Saturday, November 27, 2010

Discipline, Grasshopper.

I'm sure that reading about how I discipline my children is not what you might call entertaining, but I think it helps me to remember what situations I have encountered with my kids and how I have handled them, just in case I need to do it again.

This boy will be the death of me.  Seriously.  This is not the part of parenting that I enjoy - it is actually one of the things I feared when envisioning raising kids.

On Friday I had the children help me tidy the house and vacuum before we hauled in the four Christmas Decoration boxes from the garage.  This is always very exciting for the kids (Girl exclaims "It's Christmas!  It's Christmas!") as they pull things out to play with: Advent calendars, nativity sets (carved wooden and Play Mobile), a wooden train that my dad made, and a Noah's Ark with porcelain animals.  All admittedly cool stuff for kids to play with and I very seriously reminded them of the rules and that they are old enough to be responsible.  Impish nods all around.  Matter settled.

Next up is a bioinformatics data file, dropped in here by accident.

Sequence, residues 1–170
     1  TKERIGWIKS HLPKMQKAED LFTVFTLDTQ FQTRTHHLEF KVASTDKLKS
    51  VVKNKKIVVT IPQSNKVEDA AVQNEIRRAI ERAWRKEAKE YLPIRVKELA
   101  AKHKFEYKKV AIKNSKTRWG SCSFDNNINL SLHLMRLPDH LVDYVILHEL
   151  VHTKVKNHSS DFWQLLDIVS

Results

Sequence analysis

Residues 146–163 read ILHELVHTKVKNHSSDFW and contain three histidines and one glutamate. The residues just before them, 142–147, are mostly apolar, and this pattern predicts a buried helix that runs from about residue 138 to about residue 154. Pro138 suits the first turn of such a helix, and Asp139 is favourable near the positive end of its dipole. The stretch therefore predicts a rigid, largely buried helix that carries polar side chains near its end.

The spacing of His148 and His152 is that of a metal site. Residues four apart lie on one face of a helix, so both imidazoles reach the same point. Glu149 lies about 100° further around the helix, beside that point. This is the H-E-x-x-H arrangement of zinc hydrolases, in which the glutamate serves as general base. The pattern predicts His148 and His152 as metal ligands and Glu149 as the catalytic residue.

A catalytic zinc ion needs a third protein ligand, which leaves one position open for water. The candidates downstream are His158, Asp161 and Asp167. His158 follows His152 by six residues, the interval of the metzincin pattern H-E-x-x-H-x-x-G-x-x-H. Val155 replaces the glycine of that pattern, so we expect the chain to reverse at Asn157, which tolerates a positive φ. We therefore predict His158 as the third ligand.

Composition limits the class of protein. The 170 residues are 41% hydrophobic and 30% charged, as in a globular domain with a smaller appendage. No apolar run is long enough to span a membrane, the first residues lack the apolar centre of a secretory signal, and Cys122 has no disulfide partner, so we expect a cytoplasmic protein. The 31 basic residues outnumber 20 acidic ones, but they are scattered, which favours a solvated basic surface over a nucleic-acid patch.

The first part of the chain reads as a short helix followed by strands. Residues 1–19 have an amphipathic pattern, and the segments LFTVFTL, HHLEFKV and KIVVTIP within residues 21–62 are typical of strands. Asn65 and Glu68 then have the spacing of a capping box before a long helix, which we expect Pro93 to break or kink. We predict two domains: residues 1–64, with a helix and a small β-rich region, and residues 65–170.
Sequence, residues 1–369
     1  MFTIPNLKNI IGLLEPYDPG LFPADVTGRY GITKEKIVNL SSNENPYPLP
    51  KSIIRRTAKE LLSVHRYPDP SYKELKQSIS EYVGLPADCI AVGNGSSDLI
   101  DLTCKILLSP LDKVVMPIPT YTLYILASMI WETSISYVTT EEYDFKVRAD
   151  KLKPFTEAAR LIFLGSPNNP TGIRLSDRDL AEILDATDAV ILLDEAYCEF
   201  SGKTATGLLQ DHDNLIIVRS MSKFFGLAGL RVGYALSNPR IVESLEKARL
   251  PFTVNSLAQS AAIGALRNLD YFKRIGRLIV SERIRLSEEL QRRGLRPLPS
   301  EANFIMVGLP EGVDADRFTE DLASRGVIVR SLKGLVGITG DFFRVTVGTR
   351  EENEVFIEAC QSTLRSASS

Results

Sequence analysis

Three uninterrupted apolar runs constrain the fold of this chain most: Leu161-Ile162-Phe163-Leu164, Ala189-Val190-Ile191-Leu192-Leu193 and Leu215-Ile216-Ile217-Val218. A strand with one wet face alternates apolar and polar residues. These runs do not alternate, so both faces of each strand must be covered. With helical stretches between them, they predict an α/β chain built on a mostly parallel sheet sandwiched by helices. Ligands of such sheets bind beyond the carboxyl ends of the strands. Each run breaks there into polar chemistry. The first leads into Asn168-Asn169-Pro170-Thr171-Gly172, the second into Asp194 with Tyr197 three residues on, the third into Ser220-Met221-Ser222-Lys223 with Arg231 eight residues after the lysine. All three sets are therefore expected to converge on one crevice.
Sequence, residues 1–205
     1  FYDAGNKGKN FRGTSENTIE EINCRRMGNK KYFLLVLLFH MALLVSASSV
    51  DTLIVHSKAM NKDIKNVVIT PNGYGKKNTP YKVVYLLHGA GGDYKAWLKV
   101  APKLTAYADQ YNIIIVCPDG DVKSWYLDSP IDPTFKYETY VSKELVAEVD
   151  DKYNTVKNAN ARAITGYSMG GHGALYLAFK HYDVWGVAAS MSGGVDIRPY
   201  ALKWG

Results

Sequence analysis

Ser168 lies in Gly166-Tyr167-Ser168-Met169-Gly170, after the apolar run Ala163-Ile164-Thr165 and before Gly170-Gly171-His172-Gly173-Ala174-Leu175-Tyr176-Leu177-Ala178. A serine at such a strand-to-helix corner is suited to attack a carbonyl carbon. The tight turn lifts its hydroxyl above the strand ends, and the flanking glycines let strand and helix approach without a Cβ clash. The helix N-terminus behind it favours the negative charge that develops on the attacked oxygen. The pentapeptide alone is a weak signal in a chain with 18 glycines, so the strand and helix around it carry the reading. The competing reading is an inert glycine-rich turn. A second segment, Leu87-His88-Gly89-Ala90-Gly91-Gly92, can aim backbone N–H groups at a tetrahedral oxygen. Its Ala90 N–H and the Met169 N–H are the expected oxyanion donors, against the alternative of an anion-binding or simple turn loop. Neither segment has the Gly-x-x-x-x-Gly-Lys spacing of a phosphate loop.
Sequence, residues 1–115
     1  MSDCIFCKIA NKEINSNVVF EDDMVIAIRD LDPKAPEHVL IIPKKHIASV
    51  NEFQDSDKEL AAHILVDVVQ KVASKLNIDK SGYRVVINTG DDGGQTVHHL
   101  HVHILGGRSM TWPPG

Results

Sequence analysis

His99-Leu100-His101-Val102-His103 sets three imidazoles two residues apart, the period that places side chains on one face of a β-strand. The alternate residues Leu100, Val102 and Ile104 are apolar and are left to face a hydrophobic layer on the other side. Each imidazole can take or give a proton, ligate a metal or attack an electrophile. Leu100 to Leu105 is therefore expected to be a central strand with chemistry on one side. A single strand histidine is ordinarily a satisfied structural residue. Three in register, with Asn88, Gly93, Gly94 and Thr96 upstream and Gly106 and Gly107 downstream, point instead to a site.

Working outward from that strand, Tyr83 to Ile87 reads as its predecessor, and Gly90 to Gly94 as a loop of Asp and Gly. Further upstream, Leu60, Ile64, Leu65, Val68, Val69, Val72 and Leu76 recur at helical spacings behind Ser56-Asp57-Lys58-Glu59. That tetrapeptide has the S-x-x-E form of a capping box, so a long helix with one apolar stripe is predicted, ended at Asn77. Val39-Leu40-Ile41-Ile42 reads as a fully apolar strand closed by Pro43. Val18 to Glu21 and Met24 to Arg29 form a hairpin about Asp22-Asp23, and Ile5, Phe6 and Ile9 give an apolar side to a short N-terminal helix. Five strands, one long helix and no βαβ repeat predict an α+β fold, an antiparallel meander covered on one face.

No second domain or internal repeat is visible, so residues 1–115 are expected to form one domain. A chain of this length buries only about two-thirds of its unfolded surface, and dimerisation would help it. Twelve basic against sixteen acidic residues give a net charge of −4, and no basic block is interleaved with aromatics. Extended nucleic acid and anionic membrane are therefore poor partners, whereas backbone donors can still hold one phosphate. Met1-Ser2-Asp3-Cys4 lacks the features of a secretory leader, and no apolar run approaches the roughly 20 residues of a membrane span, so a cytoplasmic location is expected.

I set aside a few items to glue back together and an hour later with glue gun in hand was miffed that I couldn't find them.  Huh?...............  The kids all seemed very innocent and denied everything, but an hour later Boy Two said "Let's look in our stockings!"  It took me a moment to catch on.  Guess what I found inside?  The missing broken items!  Boy Two's excitement about the stockings was enough to temper my lecture, and I let it go with a warning.  Such a sweet boy, I thought.  I love him.

Cut to this morning.

The kids awoke an hour before I got out of bed and were playing fairly well downstairs when I came down to make breakfast.  After we finished eating Boy Two brought me a giraffe from the Noah's Ark set (the one they knew not to touch) that was suffering from a severed leg.  Now, I personally don't have any emotional ties to this Noah's Ark set but please.  The set survived through my kids' toddler years unscathed and suffered the loss of an elephant trunk last Christmas, and now this?

All children vehemently denied any knowledge of the alleged injury, the murky circumstances surrounding it, or the location of the limb in question.  After taking several turns around the living room with a drifting gaze that constituted a search of the premises, the kids made it clear that it didn't really matter.  It didn't really matter to me, either, but I realized that I needed to get them to care.  After all, they had broken something that wasn't theirs, that belonged to someone else, and now were hoarding the secret to the whereabouts of the missing leg so it couldn't even be fixed.  Drat.  I have to do something about this.